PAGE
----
Runoff from fertilizer recently made Toledo’s water undrinkable. Mike McGrath explains how you can help be part of the solution instead of the problem when you feed your cool-season lawn for the fall. Plus: Answers to all your growing questions.
Question of the Week:
“I applied fertilizer to my fescue lawn in the middle of July, right before it was supposed to storm. It did not storm. Now I have huge yellow spots in my back yard. Will the grass eventually grow back in those spots?”
— Glenn in Manassas, Virginia
Photo by Flickr user Rudolf Vlček
Highlights from show for August 23, 2014:
Guard against blossom end rot
Dean from Long Beach Island, New Jersey calls in to ask Mike about the blossom end rot he’s dealing with on his tomatoes. Mike explains that this issue is a result of this summer’s weather. Mike says: “We have had a record amount of rain and so the plants have been constantly saturated. Tomato plants are unusual in that they like even watering. They do not like long dry periods followed by long wet periods.” Mike continues to explain that the extreme moisture compromises the structure of the tomato, and that while he’s happy to assure folks that the blackened, rotted bottoms of their tomatoes are not due to disease or pets, it is a culture issue that needs to be addressed. To correct the culture issue, Mike advises adding calcium to the soil. Crushing up dried egg shells and adding that to the soil will guard against blossom end rot.
Blossom end rot. Photo by Flickr user Scot Nelson
Bare spots in your lawn welcome weeds
Jennifer in Wilmington, Delaware is looking for a chemical-free method to rid her lawn of plantain weeds. Because Jennifer has a lot of shade on her property, Mike suspects that she has a cool-season lawn of fescue grass. He explains that while fescue grows well in shade, it’s a clumping grass that tends to leave bare spots. If bare spots are present in the lawn, that’s where the weeds get their chance to grow. Mike advises that Jennifer first dig up a section of her lawn and have the grass officially identified by her local extension service. “What you most need to do — right now, over the next month — is buy seed that matches your existing grass.” If she’s able to plant matching seed in these areas, she can reclaim these bare spots and block the growth of plantain weeds.
A cherry bomb
John from Haines, Alaska has a cherry tree that is performing wildly well. He calls Mike to ask why he’s seeing this boom in production. Mike finds that John has been doing everything right with pruning and feeding the tree, but discovers that John lucked out with the timing of seasonal frost. Mike explains: “Don’t forget, both your sour cherry or tart cherry or pie cherry and the sweet cherries … all the trees flower very early in the season. I mean, the cherry trees along the Potomac, along East River Drive here in Philadelphia — these are very early flowering trees. And if you get a really hard frost at exactly the right time, you could lose what would have been an even bigger harvest than what you got this year.” John realized that this spring hadn’t been hit as hard with frost. With the first round of early blossoms in tact, his cherry tree produced record amounts of fruit.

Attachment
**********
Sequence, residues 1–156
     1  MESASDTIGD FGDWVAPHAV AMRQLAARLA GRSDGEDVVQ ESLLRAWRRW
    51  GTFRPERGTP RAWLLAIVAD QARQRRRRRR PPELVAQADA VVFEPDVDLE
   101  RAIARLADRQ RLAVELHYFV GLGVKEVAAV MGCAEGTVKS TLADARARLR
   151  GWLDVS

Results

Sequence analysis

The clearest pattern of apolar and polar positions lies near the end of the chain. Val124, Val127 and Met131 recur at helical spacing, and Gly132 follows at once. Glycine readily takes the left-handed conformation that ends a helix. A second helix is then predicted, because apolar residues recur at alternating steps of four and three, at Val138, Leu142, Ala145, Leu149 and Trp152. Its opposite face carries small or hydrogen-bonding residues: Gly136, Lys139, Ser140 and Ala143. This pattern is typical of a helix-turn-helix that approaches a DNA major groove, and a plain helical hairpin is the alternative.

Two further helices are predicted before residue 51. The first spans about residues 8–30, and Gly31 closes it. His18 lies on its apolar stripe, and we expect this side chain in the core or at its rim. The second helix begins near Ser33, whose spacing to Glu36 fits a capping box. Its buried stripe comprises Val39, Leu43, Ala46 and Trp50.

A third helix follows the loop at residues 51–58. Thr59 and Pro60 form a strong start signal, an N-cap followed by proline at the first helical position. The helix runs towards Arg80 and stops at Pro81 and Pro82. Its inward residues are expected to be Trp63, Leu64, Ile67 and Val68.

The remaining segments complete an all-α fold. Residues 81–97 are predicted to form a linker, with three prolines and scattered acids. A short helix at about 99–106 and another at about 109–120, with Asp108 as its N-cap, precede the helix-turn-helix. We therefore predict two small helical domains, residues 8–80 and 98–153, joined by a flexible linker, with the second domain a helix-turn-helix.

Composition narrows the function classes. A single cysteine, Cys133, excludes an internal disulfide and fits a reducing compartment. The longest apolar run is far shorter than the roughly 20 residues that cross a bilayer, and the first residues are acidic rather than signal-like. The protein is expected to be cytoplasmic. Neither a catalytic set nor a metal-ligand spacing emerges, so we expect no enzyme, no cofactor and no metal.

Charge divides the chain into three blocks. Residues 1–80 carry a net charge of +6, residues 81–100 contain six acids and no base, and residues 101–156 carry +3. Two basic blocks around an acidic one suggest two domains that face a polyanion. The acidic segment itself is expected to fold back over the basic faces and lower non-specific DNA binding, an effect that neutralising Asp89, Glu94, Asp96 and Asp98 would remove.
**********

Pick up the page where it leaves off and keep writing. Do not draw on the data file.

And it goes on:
Photo by Flickr user Babi_Santander
Transplanting mature plants
Laura from Philadelphia, Pennsylvania has a sizable perennial garden on a plot that is going to be developed next year. Before the plot goes under construction, she’d like to transplant a few of the mature plants — specifically her blueberry bushes. Mike explains that these need to be moved while they are sleeping: “When all the leaves are off and we get to the dormant part of winter, that is a time where you can dig these plants up. … Now ideally, of course, the spring would be better. If you could wait until spring, then what I’d say is go out on the first nice day of spring and give them a really hard pruning. Reduce them in size by half … and the only reason I’m pruning them that hard is that it makes it easier for them to move.” Mike suggests that Laura find a community garden whose members may be interested in the plants and would help her move them.
Caring for succulents through the winter season
Ruth in Traverse City, Michigan has hens and chicks in planters on her balcony and wants to know if they will survive outside in a Michigan winter. Thankfully the pots are not real terra-cotta, they are made of plastic. Mike says that there is no way they will survive the winter and wants to know if Ruth can bring it inside. It sounds like that’s not an ideal solution since Ruth lives in a condo. So Mike gave some alternative solutions like putting the plants in a closet and letting them go dormant or taking the pots to a friends house and putting them in the basement. Ruth thinks these are some great options.
Photo by Flickr user Stephanie Wallace
Correcting poor soil
Michael in Haddonfield, NJ built a brand new house with his wife and was hoping the builder would stand up to their word and put good soil over the fill dirt that was left there, but that doesn’t seem to be the case. Michael planted Zoysia grass over the fill dirt, which seems to be ok, but the trees seem to not be doing as well as the zoysia. Three out of five of the birch trees planted have died and the honey locust is not doing well. Mike says “when you have poor soil or good soil you always want to plant a tree high in the ground, not low.” Mike suggests loosening up the soil, planting the tree high, putting compost far out around the base of the tree (not up against the trunk) and setting a hose to drip at the base for 24 hours to really saturate it. Mike says no matter how awful the soil these practices should result in healthy trees.